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SEA@CLE: Pena falls a triple short of the cycle

SEATTLE -- Felix Hernandez has seen the other side of this scenario, the one where the Mariners' offense struggles and runs are scarce and wins difficult. So on Wednesday, when a youth-laced Seattle lineup came out and put up 16 hits in a 9-2 victory over the Indians, the reigning American League Cy Young Award winner was all smiles.

"Wow. That's the future," Hernandez said after Kyle Seager and Dustin Ackley contributed seven hits on a day the Mariners started five rookies. "Hopefully, I'll be here. I will be here. Seager, Ackley, all those guys.

"And did you see this guy over here, Wily Mo Pena? He hit those line drives. Unbelievable. It's awesome to see that. Wow. He's like me. Power guy. OK, he's a little bit stronger than me."

Seager, 23, capped off an incredible series with a 4-for-4 day, as the rookie third baseman ripped three doubles. Ackley, 23, went 3-for-5. The veteran Pena, added to the roster two weeks ago, came a triple shy of a cycle and racked up four RBIs.

It all added up to a rare runaway for a Mariners club that continued its August offensive surge by winning three of four at Progressive Field, its first victorious road series since June 10-12 at Detroit.

Hernandez, who held the Indians in check for six innings, gratefully accepted the help of his hitters while improving to 12-11 with a 3.37 ERA.

A night earlier, Seattle put up 12 runs to help rookie Anthony Vasquez win his Major League debut, a fact duly noted by the veteran right-hander who has seen his team score one or fewer runs for him in 11 of his 27 starts this season.

"Yes, I saw that," Hernandez noted. "I was talking to the guys and said, 'Save some runs for me tomorrow.' They came out today and swung the bats pretty good. It's awesome."

Seattle has ranked last in the Majors in hitting all year, but is batting .283 as a team this month, after an influx of youth. None of the newcomers are hotter than Seager, who hit .600 (15-for 25) on the seven-game road trip, with five doubles and two home runs.

"This is definitely the best 24 hours I've had in a while," Seager said after going 10-for-13 in Tuesday's doubleheader and Wednesday's win. "It's been a good couple games here. Hopefully, it'll continue for a little bit, and I can ride the wave."

Seager started the seven-game road swing in St. Petersburg hitting .182, but heads back to Safeco Field now batting a healthy .313.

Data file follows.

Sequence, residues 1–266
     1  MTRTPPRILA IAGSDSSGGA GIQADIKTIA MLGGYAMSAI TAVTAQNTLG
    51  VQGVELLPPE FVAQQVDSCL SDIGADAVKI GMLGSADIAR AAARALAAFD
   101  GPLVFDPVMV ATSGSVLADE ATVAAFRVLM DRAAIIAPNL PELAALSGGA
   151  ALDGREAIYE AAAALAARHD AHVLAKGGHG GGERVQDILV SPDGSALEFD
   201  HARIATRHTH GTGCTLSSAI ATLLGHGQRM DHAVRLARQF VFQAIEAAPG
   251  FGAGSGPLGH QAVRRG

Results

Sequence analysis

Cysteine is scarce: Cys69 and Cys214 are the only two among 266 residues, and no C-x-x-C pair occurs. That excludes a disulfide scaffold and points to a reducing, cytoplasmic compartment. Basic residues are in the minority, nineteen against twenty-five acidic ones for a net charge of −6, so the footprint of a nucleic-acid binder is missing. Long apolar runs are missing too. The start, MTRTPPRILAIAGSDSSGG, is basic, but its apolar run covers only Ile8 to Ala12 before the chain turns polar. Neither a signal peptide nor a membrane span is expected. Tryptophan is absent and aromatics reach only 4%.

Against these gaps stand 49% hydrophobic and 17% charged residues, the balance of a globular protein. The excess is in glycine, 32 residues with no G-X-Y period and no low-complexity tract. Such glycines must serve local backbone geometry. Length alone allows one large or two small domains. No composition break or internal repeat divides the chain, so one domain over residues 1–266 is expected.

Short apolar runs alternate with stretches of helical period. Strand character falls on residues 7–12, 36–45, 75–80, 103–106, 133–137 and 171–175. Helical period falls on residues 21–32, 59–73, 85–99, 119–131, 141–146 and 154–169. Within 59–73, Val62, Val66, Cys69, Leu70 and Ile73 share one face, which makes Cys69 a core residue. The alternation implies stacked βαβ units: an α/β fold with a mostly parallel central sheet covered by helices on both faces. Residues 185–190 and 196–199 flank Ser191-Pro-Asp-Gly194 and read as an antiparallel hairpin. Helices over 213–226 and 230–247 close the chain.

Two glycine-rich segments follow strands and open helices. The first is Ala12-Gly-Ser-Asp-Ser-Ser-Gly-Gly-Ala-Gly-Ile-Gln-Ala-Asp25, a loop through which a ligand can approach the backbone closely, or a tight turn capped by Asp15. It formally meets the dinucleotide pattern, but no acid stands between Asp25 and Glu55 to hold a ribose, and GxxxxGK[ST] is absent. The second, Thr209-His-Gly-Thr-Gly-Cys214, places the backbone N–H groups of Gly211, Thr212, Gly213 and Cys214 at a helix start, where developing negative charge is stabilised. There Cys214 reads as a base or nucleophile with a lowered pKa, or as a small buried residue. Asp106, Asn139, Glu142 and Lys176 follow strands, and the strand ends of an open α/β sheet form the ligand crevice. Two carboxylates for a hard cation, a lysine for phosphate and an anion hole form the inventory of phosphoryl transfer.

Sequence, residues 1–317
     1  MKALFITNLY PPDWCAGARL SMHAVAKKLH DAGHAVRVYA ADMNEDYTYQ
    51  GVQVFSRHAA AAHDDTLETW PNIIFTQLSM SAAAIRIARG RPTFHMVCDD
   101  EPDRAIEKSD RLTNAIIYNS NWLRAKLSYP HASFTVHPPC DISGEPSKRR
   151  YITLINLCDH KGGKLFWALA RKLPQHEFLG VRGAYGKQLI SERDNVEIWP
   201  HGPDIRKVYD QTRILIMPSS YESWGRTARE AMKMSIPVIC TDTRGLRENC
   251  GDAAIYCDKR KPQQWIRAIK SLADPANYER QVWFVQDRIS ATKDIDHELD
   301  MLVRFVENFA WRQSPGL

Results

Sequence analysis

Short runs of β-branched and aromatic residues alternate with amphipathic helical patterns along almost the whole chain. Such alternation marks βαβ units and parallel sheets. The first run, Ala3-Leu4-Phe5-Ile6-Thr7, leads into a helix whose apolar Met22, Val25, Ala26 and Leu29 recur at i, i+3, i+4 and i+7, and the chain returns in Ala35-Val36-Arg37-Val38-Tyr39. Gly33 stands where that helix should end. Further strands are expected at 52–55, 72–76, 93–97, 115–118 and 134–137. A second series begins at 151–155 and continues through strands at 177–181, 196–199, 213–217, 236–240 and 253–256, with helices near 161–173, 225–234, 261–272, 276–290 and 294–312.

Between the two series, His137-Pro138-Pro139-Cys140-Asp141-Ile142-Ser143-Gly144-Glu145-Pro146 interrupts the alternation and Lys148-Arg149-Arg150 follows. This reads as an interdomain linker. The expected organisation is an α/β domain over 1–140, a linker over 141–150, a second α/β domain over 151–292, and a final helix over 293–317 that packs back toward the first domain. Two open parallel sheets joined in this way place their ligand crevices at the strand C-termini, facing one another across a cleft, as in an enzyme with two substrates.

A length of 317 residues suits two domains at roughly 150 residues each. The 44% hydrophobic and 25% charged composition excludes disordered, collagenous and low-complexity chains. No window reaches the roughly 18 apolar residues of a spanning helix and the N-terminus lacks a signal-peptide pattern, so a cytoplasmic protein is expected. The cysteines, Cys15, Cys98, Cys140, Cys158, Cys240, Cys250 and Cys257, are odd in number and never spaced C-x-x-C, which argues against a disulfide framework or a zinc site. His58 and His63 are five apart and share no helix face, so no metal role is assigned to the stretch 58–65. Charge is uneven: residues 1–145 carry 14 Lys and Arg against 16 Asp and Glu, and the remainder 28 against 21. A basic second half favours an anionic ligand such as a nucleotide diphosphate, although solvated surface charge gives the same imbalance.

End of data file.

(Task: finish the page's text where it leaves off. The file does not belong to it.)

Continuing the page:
"We couldn't get [Seager] out," Indians manager Manny Acta said. "That was one of the reasons we struggled so much. We couldn't get their bottom of the order out the whole series. He was having a very good season in Triple-A when they called him up. That I know. I knew that when they called him up. He showed up hitting, like, .246 and just caught fire against us. He killed us."

Seager's three doubles tied Rob Johnson (2009) and Alvin Davis ('84) for the Mariners' rookie record, and only 23 previous players had managed that feat in franchise history.

The Mariners did much of their damage against Indians right-hander Josh Tomlin, knocking him out after 4 2/3 innings to end his streak of 37 straight starts of at least five innings to open his career. The only other Major Leaguer to manage that feat since 1919 was former Indians pitcher and current Toronto manager John Farrell.

With a short-handed bullpen coming off Tuesday's doubleheader, the Mariners needed Hernandez to pitch deep into the game. And despite a 25-pitch first inning with a pair of walks, "The King" complied with six strong innings in which he gave up two runs, seven hits, two walks and struck out 10.

It was the seventh double-digit strikeout day of the season for Hernandez, who ranks second in the AL behind Justin Verlander with 195.

The six innings pushed Hernandez to 200 2/3 for the season, his fourth consecutive year over 200.

Pena, promoted from Triple-A on Aug. 13, smoked a two-run home run to center field off Tomlin in the fourth inning to get the offense rolling and added a two-run double in the fifth when Seattle pushed four more across the plate.

The home run was Pena's second with the Mariners and seventh of the season, as he played for the D-backs for a month earlier in the year. He went 3-for-3 with a hit-by-pitch and a walk, his first in 68 at-bats this season, to raise his average to .229.

Pena, who has six RBIs in six games for Seattle, said he didn't really get all of the ball that wound up being a 412-foot home run.

"No, I didn't hit the ball good," said the 230-pound slugger. "I was just trying to make contact, because my right hand has been bothering me. So when I hit it, I let go with one hand. I thought it was going to be a double, or hit the wall. I never thought it was going to be a home run."

The big man was definitely trying to hit the ball hard in his last at-bat in the eighth, when he had a chance for the cycle. Instead, he took a pitch off the shoulder from reliever Chad Durbin.

"I said, 'If I hit the ball to the wall, if they're going to throw, I'll just keep running,'" Pena said with a smile. "'If they get me out, they get me out,' but I was going to keep running to third base."

Seattle had six extra-base hits on the day. Shortstop Brendan Ryan ripped a two-run triple in the seventh, as the Mariners pushed the lead to 9-2 and provided some cushion for the bullpen.

Ryan did commit two throwing errors on a day Seattle committed four defensive miscues. But with the offense chalking up nine runs, on the heels of 17 combined runs in Tuesday's doubleheader split, the Mariners finally had some margin for error.

The 21 runs in their past two games is the Mariners' most in back-to-back outings since Aug. 8-9, 2007, against the Orioles and Indians.

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